Hot Topics: Research Ethics
by Hannah Giunta D.O., Ph.D. & Richard Sharp, Ph.D.
In their article, MacKay and Saylor analyze the issue of fair subject selection in clinical research and suggest that this overarching principle is best understood as a collection of four sub-principles, namely fair inclusion, fair opportunity, fair burden sharing, and fair distribution of third-party risks.…Full Article
by Craig Klugman, Ph.D.
Last week, NPR reported on a new pre-publication article published in the journal Human Reproduction (HR).…Full Article
by Craig Klugman, Ph.D.
As the legend goes, in the 16th Century, when he was 51 years of age, Ponce de Leon received permission from the King and Queen of Spain to explore the islands north of Puerto Rico to search for the fountain of youth, a fabled spring that would grant eternal life and youth to whomever drank from it or bathed in it.…Full Article
Professionals and the public in China first learned of the jail sentence of He Jiankui from the report of Xinhua News Agency. No information, including any interpretation, was provided by the Court. But the reported words of the sentence are so ambiguous as to leave room for different interpretations. We believe that the public has the right to know more than Xinhua News Agency reported.
The post Chinese Bioethicists: He Jiankui’s Crime is More than Illegal Medical Practice appeared first on The Hastings Center.Full Article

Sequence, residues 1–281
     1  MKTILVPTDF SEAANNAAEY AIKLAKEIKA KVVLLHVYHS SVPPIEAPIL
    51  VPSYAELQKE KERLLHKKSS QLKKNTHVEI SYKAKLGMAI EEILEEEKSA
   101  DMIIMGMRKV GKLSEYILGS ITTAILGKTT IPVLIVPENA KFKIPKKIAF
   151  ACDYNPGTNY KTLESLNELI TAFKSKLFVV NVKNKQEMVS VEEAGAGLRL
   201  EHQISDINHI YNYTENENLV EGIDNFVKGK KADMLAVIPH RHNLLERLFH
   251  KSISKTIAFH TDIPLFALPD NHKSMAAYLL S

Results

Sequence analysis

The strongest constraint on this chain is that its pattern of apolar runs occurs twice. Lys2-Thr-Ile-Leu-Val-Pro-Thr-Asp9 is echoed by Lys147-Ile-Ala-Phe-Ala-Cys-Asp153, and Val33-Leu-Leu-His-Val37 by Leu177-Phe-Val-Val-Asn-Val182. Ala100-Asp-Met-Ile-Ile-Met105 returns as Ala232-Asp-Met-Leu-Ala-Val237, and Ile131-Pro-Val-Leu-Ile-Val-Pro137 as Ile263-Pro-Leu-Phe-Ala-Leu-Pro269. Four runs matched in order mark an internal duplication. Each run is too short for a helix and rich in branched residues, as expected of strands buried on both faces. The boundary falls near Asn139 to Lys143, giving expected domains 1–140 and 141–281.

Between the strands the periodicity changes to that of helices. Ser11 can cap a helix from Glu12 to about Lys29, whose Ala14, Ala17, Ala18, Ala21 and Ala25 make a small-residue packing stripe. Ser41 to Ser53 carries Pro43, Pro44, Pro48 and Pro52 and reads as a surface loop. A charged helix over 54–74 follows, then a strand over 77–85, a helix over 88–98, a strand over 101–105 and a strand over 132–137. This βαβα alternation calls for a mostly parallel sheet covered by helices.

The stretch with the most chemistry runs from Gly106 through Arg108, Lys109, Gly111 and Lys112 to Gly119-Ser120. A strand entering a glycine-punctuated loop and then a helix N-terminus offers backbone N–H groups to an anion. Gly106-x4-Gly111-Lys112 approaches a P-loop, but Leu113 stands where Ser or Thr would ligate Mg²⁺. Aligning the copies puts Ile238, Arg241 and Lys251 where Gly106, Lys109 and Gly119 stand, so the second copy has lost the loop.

by Craig Klugman, Ph.D.
A commentary in Nature this past week suggested that bioethics may no longer be relevant. The author argues that the pace of technological change is so fast that bioethics can’t keep up: “Bioethics, once a beacon of principled pathways to policy, is increasingly lost, like Simba, in a sea of thundering wildebeest.” The author is Sarah Franklin, a sociologist and director of the Reproduce Sociology Research Group at the University of Cambridge (UK).…Full Article
By Charles Foster Informed consent, in practice, is a bad joke. It’s a notion created by lawyers, and like many such notions it bears little relationship to the concerns that real humans have when they’re left to themselves, but it creates many artificial, lucrative, and expensive concerns. Of course there are a few clinical situations […]Full Article
by Marieke Bak, MSc, MA, PhD(c)
When people die nowadays, they no longer leave behind only physical assets. Their estate includes large amounts of personal data that remain in existence after they pass away.…Full Article
This editorial is co-posted with the American Journal of Bioethics.
by Emily A. Largent JD, PhD, RN, Ezekiel J.…Full Article
by Bray Patrick-Lake MD, MSC & Jennifer C. Goldsack MS, MBA
The target article by Wiggins and Wilbanks reports on the history and typology of the models of citizen science emerging in health and biomedical research with the rapid dispersion and repurposing of technology.…Full Article
The ethics of research trials for young people with gender dysphoria are complicated. Billion Photos/Shutterstock Dominic Wilkinson, University of Oxford and Julian Savulescu, University of Oxford A recent Newsnight programme reported that a major UK puberty-blocking trial is under investigation. Doctors at a London clinic provided drugs to block the development of puberty in young […]Full Article